∏Binomial[d(j), n(j), p(j)]*Normal[mean, stdev], j=1,2,…,t.

The Poisson() and Normal() reliability estimators in table 2 agree! But they disagree with the Kaplan-Meier estimator. The Kaplan-Meier estimator seems biased high compared to when ships cohorts are random. The Poisson(λ) maximum likelihood estimator of λ is 5212.319, close to the average ships 5212.333. (The maximum likelihood estimator of the rate of a stationary Poisson process is the average of cohort sizes.) The Poisson(λ(t)) estimator uses the original ships cohorts as Poisson rate parameters for each cohort. The Normal mean and standard deviation estimates are 5212 and 1253 (variance estimate is 1,569,677 vs. variance of ships cohorts 1,883,617). Both the Poisson[λ(t)] and the Normal[.] likelihoods are greater (less negative) than the Poisson(λ) likelihoods. They are all more negative than the Kaplan-Meier likelihood, which doesn’t account for random cohort sizes at all.

Figure 1 shows the disagreement in reliability function estimators is small. However the bias of the Kaplan-Meier estimator is worse if reliability is worse than in table 1! The Kullback-Leibler divergence from the Kaplan-Meier estimator is 0.000459, positive. This indicates information gained from the maximum likelihood estimator with random cohorts instead of the Kaplan-Meier estimator. Furthermore, the asymptotic Greenwood variance of the Kaplan-Meier estimator fails for finite sample sizes. What is the variance of the reliability estimator with random ships cohorts? Wait for the next article or send data to pstlarry@yahoo.com to find out.

Table 2. Compare the reliability estimates of Kaplan-Meier (K-M) vs. Poisson vs. Normal ships.

Age, Months | K-M R(t) | Poisson(λ) | Poisson(λ(t)) | Normal |

1 | 0.999073 | 0.999073 | 0.999073 | 0.999073 |

2 | 0.997282 | 0.997280 | 0.997280 | 0.997280 |

3 | 0.995268 | 0.994882 | 0.994882 | 0.994882 |

4 | 0.990942 | 0.990551 | 0.990551 | 0.990551 |

5 | 0.987468 | 0.987055 | 0.987055 | 0.987055 |

6 | 0.986620 | 0.986195 | 0.986195 | 0.986195 |

LogLikelihood | -55.974 | -991.314 | -87.076 | -107.287 |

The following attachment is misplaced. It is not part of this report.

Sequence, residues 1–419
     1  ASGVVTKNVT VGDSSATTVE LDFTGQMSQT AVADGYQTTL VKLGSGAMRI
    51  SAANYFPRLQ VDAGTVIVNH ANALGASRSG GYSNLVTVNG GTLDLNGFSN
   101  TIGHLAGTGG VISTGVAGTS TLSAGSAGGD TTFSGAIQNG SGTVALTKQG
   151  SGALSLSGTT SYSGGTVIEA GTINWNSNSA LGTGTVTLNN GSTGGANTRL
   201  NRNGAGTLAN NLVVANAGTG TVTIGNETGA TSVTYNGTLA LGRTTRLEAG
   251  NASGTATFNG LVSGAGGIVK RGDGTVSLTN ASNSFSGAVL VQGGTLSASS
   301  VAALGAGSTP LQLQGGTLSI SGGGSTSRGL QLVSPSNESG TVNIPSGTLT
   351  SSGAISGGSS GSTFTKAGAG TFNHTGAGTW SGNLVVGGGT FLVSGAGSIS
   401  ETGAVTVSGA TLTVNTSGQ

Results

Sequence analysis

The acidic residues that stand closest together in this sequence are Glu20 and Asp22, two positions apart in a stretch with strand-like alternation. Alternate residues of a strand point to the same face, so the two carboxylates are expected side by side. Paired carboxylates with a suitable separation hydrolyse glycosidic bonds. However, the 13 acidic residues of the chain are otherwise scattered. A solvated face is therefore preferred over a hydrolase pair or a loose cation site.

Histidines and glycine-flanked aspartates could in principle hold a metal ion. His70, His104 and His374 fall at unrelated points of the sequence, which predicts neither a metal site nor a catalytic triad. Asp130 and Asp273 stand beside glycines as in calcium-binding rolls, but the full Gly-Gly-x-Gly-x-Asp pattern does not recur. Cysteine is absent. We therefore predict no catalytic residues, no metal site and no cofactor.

Figure 1 The maximum likelihood estimators agree pretty well. The Kaplan-Meier (KM R(t)) estimator is biased high compared with estimators that account for random cohorts.

## References

AFM 66-1, “Maintenance Management, Vol. 1,” Washington, DC, August 1972

Greenwood, M. “The Errors of Sampling of the Survivorship Tables,” *Reports on Public Health and Statistical Subjects,*no. 33, London: HMSO. Appendix 1, 1926

E. L. Kaplan and Paul Meier, “Non–Parametric Estimation From Incomplete Data”. *Jour. Amer. Statist. Assn.*, Vol. 53, pp. 457–481, 1958

Habib Nawaz Khan, Qamruz Zaman, Fatima Azmi, Gulap Shahzada, and Mihajlo Jakovljevic, “Methods for Improving the Variance Estimator of the Kaplan–Meier Survival Function, When There Is No, Moderate and Heavy Censoring-Applied in Oncological Datasets,” *Front. Public Health,* Sec. Health Economics, Volume 10, https://doi.org/10.3389/fpubh.2022.793648, May 2022

Fred Schenkelberg, “Nevada Charts to Gather Data,” Nevada Charts to Gather Data – Accendo Reliability

L. L. George and A. Agrawal, “Estimation of a Hidden Service Distribution of an M/G/∞ Service System,” Naval Research Logistics Quarterly, vol. 20, pp. 549-555, https://doi.org/10.1002%2Fnav.3800200314, 1973

Noel M. Mirasol, “The Output of an M/G/Infinity, Queuing System Is Poisson,” *Operations Research,* Vol. 11, No. 2, pp. 282-284, Mar.-Apr. 1963

Barry L. Nelson and Lawrence M. Leemis, “The Ease of Fitting but Futility of Testing a Nonstationary Poisson Processes From One Sample Path,” *Proceedings of the 2020 Winter Simulation Conference,* IEEE, 2020

Bhanukiran Vinzamuri, Yan Li and Chandan K. Reddy, “Calibrated Survival Analysis using Regularized Inverse Covariance Estimation for Right Censored Data.” *IEEE Trans. on Knowledge and Data Engineering,* http://ieeeexploree.ieee.org/Xplore

Jon A. Wellner, “Notes on Greenwood’s Variance Estimator for the Kaplan-Meier Estimator,” Greenwood.pdf (washington.edu), Jan. 2010

Larry George says

I should have cited Olli S. Miettinen , “Survival Analysis: Up from Kaplan–Meier–Greenwood,” Eur. J. Epidemiol., Vol. 23, pp-585–592, DOI 10.1007/s10654-008-9278-7, 2008 [Citation added after publication.] The author recognized that ships could be random (Poisson). The article was provoked by observed errors in Greenwood’s variance estimator when censoring dominates. The article uses a Kaplan-Meier type estimator. Let me know if you want the real nonparametric max. likelihood reliability estimator and its variance.

In the likelihood function, ∏Binomial[d(j), n(j), p(j)]*Normal[mean, stdev], the normal mean and variance are the parameters of the ships (cohorts) distribution, if you believe ships have normal distribution.